Maya Angelou on creativity and a well-lived life
Few of us would contest Maya Angelou’s recipe for a life well-lived.
It’s safe to assume most of us would like to be thought of as intelligent, courageous and loving.
While these virtues hold a lot of gravity and are complex, the ways to apply them to daily life are generally clear.
But what about “teaches by being”?
How does teaching by being apply in the amped up world, where everyone is distracted – overwhelmed – and the art of observation has diminished like other old arts such as hand lettering and manual photography. So if no-one’s watching, how to teach by example?
The answer, I think, lies in creativity. Angelou could say she wanted to teach by being only because her life actions were threaded and layered with creative engagement.
She was a poet, a writer, a singer. She used words to express the inexpressible in a captivating way and with a captivating presence, to challenge norms, to celebrate the beauty of language and to rise above, as her poem And Still I Rise shows.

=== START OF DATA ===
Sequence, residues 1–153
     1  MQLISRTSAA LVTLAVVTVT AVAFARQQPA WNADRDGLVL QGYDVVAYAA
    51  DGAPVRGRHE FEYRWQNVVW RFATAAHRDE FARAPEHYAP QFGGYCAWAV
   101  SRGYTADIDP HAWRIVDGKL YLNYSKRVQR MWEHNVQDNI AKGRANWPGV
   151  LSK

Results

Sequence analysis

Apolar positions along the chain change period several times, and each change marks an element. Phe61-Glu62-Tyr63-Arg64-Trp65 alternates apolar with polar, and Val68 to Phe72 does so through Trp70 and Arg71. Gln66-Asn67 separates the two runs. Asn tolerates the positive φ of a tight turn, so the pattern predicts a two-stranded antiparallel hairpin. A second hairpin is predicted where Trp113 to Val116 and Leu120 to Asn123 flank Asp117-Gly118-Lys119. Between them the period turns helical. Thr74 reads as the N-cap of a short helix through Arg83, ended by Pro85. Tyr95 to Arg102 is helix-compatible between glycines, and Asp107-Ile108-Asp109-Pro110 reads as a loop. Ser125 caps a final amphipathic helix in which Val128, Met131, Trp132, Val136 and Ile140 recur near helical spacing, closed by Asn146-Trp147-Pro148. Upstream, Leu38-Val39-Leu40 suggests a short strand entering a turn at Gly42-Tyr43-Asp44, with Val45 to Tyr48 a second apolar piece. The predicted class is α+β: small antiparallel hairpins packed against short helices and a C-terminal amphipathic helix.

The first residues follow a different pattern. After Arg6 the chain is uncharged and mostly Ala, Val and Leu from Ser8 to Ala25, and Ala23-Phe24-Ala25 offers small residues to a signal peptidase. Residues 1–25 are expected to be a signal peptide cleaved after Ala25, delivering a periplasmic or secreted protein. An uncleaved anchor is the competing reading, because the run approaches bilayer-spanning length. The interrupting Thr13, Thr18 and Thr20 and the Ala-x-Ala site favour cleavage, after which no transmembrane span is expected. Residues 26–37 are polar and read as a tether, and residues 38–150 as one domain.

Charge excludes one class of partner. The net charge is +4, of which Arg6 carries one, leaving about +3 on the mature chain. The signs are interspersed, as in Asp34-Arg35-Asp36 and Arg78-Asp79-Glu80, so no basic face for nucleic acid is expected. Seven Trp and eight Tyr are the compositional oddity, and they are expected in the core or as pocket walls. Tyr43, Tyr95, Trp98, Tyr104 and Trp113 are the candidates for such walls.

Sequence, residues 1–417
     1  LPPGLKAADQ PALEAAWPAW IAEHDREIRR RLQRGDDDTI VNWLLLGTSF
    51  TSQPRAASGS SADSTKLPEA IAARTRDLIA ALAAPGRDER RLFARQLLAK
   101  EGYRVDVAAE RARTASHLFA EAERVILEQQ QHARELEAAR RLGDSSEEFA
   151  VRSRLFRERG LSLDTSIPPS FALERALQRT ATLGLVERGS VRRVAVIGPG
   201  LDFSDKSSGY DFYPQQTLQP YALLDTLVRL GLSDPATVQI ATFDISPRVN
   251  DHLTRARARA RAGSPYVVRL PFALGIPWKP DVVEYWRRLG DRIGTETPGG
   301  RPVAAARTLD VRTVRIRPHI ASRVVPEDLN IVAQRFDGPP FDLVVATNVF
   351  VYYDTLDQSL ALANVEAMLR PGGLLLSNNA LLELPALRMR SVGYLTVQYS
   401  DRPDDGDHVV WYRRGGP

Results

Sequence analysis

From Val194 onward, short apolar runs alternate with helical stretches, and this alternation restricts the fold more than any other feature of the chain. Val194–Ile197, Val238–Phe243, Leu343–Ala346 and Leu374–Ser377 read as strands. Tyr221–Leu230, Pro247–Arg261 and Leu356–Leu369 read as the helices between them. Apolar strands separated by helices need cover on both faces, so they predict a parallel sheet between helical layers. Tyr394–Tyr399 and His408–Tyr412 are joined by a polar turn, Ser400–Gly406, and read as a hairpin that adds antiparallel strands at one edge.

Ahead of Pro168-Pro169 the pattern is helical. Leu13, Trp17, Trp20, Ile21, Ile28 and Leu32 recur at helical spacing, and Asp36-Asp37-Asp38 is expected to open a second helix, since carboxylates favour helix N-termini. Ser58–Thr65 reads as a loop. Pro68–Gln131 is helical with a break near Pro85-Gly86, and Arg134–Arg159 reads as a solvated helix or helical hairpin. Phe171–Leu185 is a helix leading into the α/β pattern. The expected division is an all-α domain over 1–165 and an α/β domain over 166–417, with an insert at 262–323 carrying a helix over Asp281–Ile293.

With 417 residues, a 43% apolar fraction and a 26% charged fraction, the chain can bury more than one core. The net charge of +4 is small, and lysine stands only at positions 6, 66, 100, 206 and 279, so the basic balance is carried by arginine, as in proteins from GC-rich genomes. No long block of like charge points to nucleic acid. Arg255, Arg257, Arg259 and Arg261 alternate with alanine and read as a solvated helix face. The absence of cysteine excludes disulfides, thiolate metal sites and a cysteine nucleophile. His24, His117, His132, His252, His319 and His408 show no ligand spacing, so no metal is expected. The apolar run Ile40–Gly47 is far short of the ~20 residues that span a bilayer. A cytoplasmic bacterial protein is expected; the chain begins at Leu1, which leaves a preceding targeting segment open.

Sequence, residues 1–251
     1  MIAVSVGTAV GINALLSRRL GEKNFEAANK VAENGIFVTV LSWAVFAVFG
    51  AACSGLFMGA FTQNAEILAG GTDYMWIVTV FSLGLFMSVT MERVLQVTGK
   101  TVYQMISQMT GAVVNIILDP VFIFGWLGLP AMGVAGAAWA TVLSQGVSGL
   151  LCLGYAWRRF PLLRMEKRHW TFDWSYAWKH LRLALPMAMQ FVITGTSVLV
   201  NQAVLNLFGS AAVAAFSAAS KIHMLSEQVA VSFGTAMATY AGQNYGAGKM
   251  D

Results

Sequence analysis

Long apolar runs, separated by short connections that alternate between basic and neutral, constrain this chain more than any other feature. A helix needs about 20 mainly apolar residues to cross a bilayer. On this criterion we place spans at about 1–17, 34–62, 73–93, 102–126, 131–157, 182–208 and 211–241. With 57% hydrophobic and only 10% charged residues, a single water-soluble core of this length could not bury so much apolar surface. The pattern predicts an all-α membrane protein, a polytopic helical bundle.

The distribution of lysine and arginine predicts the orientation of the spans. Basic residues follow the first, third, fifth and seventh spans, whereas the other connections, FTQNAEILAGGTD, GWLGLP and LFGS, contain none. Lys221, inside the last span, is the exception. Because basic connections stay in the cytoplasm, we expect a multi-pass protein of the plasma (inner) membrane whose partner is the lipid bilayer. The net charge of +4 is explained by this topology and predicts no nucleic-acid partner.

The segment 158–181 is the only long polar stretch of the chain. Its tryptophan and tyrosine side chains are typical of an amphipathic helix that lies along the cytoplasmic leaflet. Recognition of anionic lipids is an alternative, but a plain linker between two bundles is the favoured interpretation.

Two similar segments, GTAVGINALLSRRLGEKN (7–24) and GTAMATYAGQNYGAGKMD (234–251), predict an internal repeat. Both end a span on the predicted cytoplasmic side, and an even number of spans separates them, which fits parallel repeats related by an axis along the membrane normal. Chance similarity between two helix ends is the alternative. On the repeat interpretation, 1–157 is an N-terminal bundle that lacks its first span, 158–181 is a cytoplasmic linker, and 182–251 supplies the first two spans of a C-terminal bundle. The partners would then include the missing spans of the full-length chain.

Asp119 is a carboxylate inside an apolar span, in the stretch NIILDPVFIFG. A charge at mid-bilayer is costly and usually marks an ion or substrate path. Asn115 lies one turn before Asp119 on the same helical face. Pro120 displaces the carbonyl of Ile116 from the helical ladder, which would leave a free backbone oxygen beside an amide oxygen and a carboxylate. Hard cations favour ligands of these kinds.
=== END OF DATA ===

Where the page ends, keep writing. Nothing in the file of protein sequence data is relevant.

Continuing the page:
Images of her evoke the sense that she was not psychically or physically oppressed, but triumphant and emancipated in arresting ways. Her face and her smile show a woman who is sparked by a curious engagement with the world, she steps broadly, smiles widely and is open to sharing herself and her wisdom.
Perhaps this is why she managed to influence so many leading figures, such as Oprah Winfrey. Her creativity permitted her the type of transcendence over mediocrity that only makers know, but that others want to emulate.
Our reputations – the ways we’d like to be known – go to our legacies: how we want to be remembered.
Angelou reminds us of the importance of living with virtues like love, courage and intelligence.
But she also reminds us to apply those virtues in creative ways to transcend the noise, captivate attention and teach through being.